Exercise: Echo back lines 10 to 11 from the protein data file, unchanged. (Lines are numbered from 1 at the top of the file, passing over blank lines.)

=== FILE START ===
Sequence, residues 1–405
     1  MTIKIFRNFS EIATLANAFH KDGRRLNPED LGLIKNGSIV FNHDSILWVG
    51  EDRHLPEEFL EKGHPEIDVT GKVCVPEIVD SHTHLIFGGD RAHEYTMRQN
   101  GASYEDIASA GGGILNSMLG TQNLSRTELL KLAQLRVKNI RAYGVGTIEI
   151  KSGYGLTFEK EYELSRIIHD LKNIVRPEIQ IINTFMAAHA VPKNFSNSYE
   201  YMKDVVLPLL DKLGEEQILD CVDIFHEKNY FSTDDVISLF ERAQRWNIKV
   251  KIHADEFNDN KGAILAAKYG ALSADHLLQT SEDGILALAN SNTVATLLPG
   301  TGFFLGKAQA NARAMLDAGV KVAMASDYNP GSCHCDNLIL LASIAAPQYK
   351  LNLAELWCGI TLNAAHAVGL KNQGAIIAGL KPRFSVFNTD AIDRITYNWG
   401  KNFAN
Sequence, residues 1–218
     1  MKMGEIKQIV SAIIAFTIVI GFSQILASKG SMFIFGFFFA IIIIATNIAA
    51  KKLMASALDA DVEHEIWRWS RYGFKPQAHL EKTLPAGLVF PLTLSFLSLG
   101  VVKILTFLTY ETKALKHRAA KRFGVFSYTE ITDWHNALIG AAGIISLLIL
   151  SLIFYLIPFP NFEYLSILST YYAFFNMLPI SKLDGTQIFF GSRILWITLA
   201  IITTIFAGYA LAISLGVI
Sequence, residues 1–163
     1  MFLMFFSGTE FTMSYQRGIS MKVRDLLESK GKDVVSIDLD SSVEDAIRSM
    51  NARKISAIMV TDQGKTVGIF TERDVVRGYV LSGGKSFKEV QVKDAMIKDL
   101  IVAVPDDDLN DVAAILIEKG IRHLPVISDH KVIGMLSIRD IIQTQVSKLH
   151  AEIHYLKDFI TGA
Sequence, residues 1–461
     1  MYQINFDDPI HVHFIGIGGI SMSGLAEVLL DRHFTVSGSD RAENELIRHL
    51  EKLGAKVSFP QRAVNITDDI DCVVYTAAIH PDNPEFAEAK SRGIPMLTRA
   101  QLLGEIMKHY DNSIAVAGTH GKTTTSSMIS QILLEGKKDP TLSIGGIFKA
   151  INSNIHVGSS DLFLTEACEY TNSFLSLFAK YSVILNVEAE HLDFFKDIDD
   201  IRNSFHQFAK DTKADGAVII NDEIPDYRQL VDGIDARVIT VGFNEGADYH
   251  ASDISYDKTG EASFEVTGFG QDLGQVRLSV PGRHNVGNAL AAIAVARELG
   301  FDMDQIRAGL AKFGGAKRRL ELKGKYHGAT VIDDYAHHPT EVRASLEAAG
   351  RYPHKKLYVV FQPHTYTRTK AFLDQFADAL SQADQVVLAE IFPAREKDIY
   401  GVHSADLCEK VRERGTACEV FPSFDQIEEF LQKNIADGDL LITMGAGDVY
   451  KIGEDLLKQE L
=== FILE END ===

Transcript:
   401  KNFAN
Sequence, residues 1–218